On the HyOPS, any point can be represented as a coaxial superposition of these two orthogonal circular polarizations with various coefficients ${\psi}_{N}^{l}$ and ${\psi}_{S}^{m}$. The polarization state on the HyOPS is mapped by representing the Stokes parameters in the spherical Cartesian coordinates. These parameters are defined as ^{[40]} where $\mathrm{\Phi}=\mathrm{arg}({\psi}_{N}^{l})-\mathrm{arg}({\psi}_{S}^{m})$, and ${|{\psi}_{N}^{l}|}^{2}$ and ${|{\psi}_{S}^{m}|}^{2}$ are the intensities of $|{\mathbf{N}}_{l}\u27e9$ and $|{\mathbf{S}}_{m}\u27e9$, respectively.

Note that the field described by Eq. (1), by extracting a common phase factor $\mathrm{exp}[i(l+m)\varphi /2]$, and neglecting the constant phase $\mathrm{exp}(i{\varphi}_{0}/2)$, can be transformed into where $|\mathbf{N}\u27e9=({\widehat{\mathbf{e}}}_{x}+i{\widehat{\mathbf{e}}}_{y})/\sqrt{2}$ and $|\mathbf{S}\u27e9=({\widehat{\mathbf{e}}}_{x}-i{\widehat{\mathbf{e}}}_{y})/\sqrt{2}$.

By comparing Eq. (8) with a general expression of vector beam in Ref. ^{[42]}, these two coefficients, $\mathrm{cos}({\vartheta}^{\prime}/2)$ and $\mathrm{sin}({\vartheta}^{\prime}/2)$, can be regarded as the normalization of ${\psi}_{N}^{l}$ and ${\psi}_{S}^{m}$. Here, $({\vartheta}^{\prime},{\alpha}^{\prime})$ are the coordinates of the HOPS. Actually, Eq. (9) is derived from the case that homogeneous elliptical polarization light is incident on an inhomogeneous half-wave $q$-plate. It is convenient to assume that the $q$-plate remains stationary. We can thus neglect the factor $\mathrm{\Psi}$ that is determined by the optical axis distribution in cross section.

Utilizing the relationship ${\alpha}^{\prime}\to 2\varphi $ resulting from the $2\to 1$ homomorphism between the physical SU(2) space of the light beam and the topological SO(3) space of the HOPS ^{[43]}, Eq. (9) is transformed into

Then, it is clear that the second term of Eq. (8) is equivalent to Eq. (10), and it also represents a vector beam on a HOPS. The only difference is that Eq. (8) exhibits an additional spiral phase factor $\mathrm{exp}[i(l+m)\varphi /2]$. Therefore, to generate a vector vortex beam described by Eq. (8), we need to add a vortex phase $\mathrm{exp}[i(l+m)\varphi /2]$ into the vector beam. To generate a vortex phase, numerous methods have been developed so far, such as spiral phase plates ^{[9]}, spatial light modulators ^{[44–47]}, diffractive elements ^{[48]}, and fork gratings ^{[49]}. Comparing with other methods, a spiral phase plate can usually obtain much higher efficiency with less complicated structure. Therefore, a spiral phase plate is employed in our work. After adding a vortex phase, the generated vector beam is converted into a vector vortex beam, i.e., the conversion of a point from a HOPS to a HyOPS is realized. Here, we choose to generate the vector vortex beam on the HyOPS with $l=0$ and $m=2$. The corresponding combination is a half-wave $q$-plate with $q=1/2$ (Altechna R&D) and a spiral phase plate with $l=1$. If a vector vortex beam with larger topological charge is desired, larger structure parameters ($q$ and $l$) are needed. Generally, by choosing the appropriate parameters for the $q$-plate and spiral phase plate, any vector vortex beam represented by Eq. (1) can be realized.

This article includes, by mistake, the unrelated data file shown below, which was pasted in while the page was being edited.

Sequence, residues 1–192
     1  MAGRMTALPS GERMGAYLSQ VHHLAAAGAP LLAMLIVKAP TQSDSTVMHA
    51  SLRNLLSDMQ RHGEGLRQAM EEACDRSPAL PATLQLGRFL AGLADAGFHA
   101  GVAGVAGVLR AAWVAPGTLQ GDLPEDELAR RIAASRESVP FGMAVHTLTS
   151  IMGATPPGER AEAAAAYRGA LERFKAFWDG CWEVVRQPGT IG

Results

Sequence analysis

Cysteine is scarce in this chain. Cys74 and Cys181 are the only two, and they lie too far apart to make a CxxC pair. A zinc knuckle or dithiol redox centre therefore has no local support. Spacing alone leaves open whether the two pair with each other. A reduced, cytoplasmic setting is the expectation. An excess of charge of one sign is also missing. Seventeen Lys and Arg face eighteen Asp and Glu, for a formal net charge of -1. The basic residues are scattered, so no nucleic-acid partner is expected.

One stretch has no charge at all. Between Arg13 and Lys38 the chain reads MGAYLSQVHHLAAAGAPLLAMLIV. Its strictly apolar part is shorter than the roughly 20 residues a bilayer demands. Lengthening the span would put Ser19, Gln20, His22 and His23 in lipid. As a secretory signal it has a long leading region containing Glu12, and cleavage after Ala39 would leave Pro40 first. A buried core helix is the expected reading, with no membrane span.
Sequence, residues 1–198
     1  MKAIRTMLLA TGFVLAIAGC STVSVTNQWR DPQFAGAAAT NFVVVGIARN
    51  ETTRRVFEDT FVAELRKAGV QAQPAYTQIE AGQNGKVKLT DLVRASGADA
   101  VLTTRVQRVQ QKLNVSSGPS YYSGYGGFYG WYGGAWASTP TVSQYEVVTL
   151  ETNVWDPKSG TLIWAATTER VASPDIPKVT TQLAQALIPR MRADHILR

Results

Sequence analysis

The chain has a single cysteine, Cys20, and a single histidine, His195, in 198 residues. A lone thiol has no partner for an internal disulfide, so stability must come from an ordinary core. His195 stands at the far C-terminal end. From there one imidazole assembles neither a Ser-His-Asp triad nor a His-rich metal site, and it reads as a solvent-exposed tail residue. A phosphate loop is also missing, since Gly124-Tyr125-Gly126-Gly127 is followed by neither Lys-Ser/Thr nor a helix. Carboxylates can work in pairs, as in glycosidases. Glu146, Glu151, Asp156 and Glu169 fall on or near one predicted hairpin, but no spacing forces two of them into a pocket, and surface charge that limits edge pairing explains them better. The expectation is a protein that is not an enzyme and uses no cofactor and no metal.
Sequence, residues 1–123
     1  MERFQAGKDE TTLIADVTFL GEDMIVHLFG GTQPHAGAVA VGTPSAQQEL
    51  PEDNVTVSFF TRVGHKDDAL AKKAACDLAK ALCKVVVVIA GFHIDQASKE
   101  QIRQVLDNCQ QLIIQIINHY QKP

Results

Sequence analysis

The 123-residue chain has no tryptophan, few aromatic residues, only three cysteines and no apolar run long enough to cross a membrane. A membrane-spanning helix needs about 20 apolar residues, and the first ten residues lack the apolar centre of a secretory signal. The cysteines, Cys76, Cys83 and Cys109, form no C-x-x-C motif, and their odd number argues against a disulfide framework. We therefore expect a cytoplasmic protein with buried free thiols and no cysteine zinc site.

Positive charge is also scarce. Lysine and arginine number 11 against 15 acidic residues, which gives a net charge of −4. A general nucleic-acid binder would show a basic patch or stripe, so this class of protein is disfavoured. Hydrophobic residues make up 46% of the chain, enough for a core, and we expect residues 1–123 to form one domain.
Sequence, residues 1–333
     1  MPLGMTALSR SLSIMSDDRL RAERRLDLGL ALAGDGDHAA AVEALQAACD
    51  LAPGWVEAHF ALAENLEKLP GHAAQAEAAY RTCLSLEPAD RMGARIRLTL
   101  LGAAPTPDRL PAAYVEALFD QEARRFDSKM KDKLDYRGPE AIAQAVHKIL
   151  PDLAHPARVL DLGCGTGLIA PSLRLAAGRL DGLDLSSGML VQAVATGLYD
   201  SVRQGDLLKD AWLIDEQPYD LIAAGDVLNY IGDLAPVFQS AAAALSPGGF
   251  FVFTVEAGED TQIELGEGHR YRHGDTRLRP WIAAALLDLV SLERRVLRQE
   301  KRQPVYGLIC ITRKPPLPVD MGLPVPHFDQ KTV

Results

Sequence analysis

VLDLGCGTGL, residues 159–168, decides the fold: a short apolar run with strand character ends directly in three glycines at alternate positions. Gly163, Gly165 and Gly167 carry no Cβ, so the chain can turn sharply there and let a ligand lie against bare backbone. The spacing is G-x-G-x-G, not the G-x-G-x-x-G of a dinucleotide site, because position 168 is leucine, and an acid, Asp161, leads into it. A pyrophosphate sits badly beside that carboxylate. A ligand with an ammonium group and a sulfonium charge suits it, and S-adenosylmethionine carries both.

3. EXPERIMENTAL RESULTS AND DISCUSSION

We now establish an experimental setup to generate the vector vortex beam expressed by Eq. (8). As shown in Fig. 2(a), a Glan laser polarizer (GLP1) and a quarter-wave plate (QWP1) convert the laser beam output from the He–Ne laser (beam waist size ${w}_{0}=0.7\text{\hspace{0.17em}\hspace{0.17em}}\mathrm{mm}$ and operational wavelength $\lambda =632.8\text{\hspace{0.17em}\hspace{0.17em}}\mathrm{nm}$) into an elliptical polarization. Next, the $q$-plate makes the incident elliptically polarized light beam transform into an arbitrary vector beam. The vector beam is finally transformed into a vector vortex beam by the spiral phase plate. Parts (I) and (II) therefore make up a converter that can generate arbitrary vector vortex beams on the HyOPS. As shown in Fig. 2(b), a vector vortex beam can be theoretically decomposed into the vector part and the vortex part. Here, the vector part is generated by part (I) while the vortex part corresponds to part (II).

Figure 2.(a) Experimental setup to generate arbitrary vector vortex beams on the HyOPS. A Gaussian beam emerging from the He–Ne laser (632.8 nm, 17 mW, Thorlabs HNL210L-EC) passes through part (I) (GLP1, QWP1, and QP) to produce a vector beam. Then the vector beam is transformed into a vector vortex beam by part (II) (SPP). Part (III) (QWP2 and GLP2) is used to measure the Stokes parameters. GLP, Glan laser polarizer; QWP, quarter-wave plate; QP, $q$-plate; SPP, spiral phase plate; CCD, charge-coupled device (Coherent LaserCam HR). (b) Schematic illustration of generating a vector vortex beam (right), which can be theoretically decomposed into the vector part (left) and the vortex part (middle).